Up and Down the Douro
October 31, 2014
Wine columnist, Roger Morris, takes a cruise on the Douro River
Up and Down the Douro
Beginning in the 1700s, British wine traders built the Port business here, locating huge warehouses in Gaia where the young, tannic red wines, whose fermentation has been halted by a liberal application of unflavored grape brandy, are still blended and sometimes aged. Here, they become rubies, vintages, tawnies, or other iterations, some aged in the bottle and others in huge, ancient, wooden vats or smaller barrels.
Soft Landing at the Yeatman
The car from the airport lets me off at The Yeatman, Porto’s truly world-class hotel with all the amenities plus the best views of the city and of the Port warehouses from its perch on the Gaia hilltop. Each of its 82 rooms bears the name of a Portuguese winery.
Rising Michelin Star
I arrive in time for lunch on the patio overlooking the city. Chef Ricardo Costa has garnered a Michelin star, and his presentations look as great as they taste. An accompanying bottle or two of Taylor Fladgate’s Chip Dry white Port helps me alleviate any jets that have been lagging.
Across the lane from the hotel is the Taylor warehouse, whose bar, restaurant, and cellars are open to visitors. Our guide points to the cellar’s capacity of a half-million or so bottles. Port may either be filtered with no bottle sediment, such as a tawny, or unfiltered to age as a vintage.
Roll Out the Barrels
Much of Port is aged in huge aged wooden vats in dirt-floored cellars with small, gaping skylights that have changed little over the centuries. The humidity from the nearby ocean is ideal for aging. Taylor maintains a staff of five coopers to keep barrels from leaking precious cargo.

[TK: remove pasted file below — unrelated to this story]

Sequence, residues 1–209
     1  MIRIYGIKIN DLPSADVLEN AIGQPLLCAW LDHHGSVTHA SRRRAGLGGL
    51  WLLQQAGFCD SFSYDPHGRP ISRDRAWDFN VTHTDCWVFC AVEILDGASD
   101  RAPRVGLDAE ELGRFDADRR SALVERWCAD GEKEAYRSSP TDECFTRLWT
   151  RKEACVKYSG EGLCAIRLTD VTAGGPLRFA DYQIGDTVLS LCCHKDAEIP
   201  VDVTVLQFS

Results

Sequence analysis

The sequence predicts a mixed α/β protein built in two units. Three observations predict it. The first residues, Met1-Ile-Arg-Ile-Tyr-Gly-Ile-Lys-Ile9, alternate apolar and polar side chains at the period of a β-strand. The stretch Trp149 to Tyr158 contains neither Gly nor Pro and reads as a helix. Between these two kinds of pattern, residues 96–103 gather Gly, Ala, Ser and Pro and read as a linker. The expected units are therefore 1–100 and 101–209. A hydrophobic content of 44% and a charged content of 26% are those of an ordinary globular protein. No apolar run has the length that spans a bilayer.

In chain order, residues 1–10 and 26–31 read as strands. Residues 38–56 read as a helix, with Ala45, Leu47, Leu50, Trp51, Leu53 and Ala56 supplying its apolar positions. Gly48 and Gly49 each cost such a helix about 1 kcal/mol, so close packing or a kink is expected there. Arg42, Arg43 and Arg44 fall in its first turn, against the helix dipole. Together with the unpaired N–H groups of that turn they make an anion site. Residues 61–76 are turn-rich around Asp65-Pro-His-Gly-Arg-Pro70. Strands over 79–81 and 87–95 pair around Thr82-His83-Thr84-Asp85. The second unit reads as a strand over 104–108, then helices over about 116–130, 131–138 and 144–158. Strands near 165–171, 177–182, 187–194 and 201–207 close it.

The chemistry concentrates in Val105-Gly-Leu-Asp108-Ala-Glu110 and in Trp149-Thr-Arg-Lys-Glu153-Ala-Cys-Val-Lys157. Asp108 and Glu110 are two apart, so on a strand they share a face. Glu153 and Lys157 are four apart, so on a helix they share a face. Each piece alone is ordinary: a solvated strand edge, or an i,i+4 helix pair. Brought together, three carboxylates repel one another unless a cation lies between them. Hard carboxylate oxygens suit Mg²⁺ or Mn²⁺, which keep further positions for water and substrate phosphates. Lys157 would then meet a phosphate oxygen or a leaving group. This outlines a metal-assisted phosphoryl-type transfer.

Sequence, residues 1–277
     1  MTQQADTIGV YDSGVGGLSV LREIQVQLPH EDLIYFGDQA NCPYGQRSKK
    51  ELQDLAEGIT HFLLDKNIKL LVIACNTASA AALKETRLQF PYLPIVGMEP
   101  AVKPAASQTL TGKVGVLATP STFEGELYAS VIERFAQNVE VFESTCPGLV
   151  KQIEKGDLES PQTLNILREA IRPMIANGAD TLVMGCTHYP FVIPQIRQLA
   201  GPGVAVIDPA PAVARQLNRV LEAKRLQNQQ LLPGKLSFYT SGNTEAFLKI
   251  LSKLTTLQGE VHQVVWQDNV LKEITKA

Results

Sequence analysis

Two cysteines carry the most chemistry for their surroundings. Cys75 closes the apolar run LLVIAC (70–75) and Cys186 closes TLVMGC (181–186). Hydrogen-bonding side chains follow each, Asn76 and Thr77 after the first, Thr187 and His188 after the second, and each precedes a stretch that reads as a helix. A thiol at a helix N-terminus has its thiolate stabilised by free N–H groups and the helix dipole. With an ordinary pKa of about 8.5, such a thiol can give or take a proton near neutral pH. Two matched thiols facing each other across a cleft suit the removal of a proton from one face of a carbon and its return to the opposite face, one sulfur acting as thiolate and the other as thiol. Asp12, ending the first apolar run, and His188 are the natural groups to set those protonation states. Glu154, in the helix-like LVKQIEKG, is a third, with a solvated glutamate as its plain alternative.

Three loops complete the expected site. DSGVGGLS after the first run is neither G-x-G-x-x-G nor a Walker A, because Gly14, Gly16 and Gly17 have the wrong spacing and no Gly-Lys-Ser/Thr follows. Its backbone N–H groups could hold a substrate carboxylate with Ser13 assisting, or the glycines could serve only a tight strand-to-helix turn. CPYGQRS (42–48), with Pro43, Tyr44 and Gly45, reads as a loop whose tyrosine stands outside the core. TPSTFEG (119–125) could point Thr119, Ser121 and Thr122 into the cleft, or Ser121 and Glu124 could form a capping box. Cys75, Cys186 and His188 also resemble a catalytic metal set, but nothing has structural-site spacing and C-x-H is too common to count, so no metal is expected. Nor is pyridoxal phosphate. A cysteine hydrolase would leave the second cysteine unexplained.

Bridge with a Viewpoint
Adrian Bridge heads Fladgate Partnership and its brands. One evening he takes us for dinner to the Port House, which he calls a “museum” to the vanished, clubby way of life that was once the Port trade. The next morning, we sample a few dozen Ports in the company’s tasting room.
Across the Centuries
The gem of the tasting is a 1863 single harvest tawny Port, made during America’s Civil War and just released in America through Kobrand. It is rich and luscious with great acidity and forward flavors of figs, other dried fruits and molasses — an amazing sipper.
Fortified & Portified
Before departing for the long, over-the-mountains drive up the Douro, we are fortified with more elegant food, this time from the Taylor restaurant, and Portified with more Chip Dry and an aged tawny or two, which goes very well with a variety of foods.
Vineyards of Vargellas
The historic Vargellas quinta — as small farms are called here —is Taylor Fladgate’s jewel. Its vines sprawl across the upper Douro hillsides, lying closer to the Spanish border than to Porto. When a classic vintage Port is not declared, there is often a very worthy vintage Vargellas.
Dog in Residence
We are first greeted at Vargellas’ sprawling guesthouse by Bond — James Bond — and then by former Fladgate Chairman, Alistair Robertson, and his wife, Gillyane, famous for her hospitality and her Chip Dry-and-tonic cocktails with a sprig of eau-de-cologne mint that await us.
After the Harvest
All the grapes — traditionally a mix of Portuguese varieties — have just been harvested. At Vargellas and some other quintas that produce vintage Port, grapes are still trod by many feet in large granite basins called lagars, a gentle method for extracting color and juice.
Years ago, freshly made wine was ferried down the treacherous Douro to Gaia in small boats. Today, cruise ships bring tourists up the Douro, such as this one we see the next morning. While ideal for cruising, the passage through a series of locks is too slow for transportation.
Toes without Feet
At Quinta da Nogueira, we see in action one of the machines made to approximate food treading, here used for making premium Ports. David Guimaraens, who oversees all of Fladgate’s winemaking, says, “Foot treading is the reference, but it is not necessarily better.”
Outside, Guimaraens shows us one of the early versions of machines he helped design to replace foot treading. Although still used for grapes that may make a vintage, treading is slow, expensive and exhaustive to workers who pick during the day and stomp in the evenings.
Although most Port is still aged in the humidity of Gaia, some warehouses such as this one at Nogueira have moved upstream with built-in humidifiers. Called “pipes,” the barrels cradle a slumbering Port that will some year find itself in a bottle being opened in some distant land.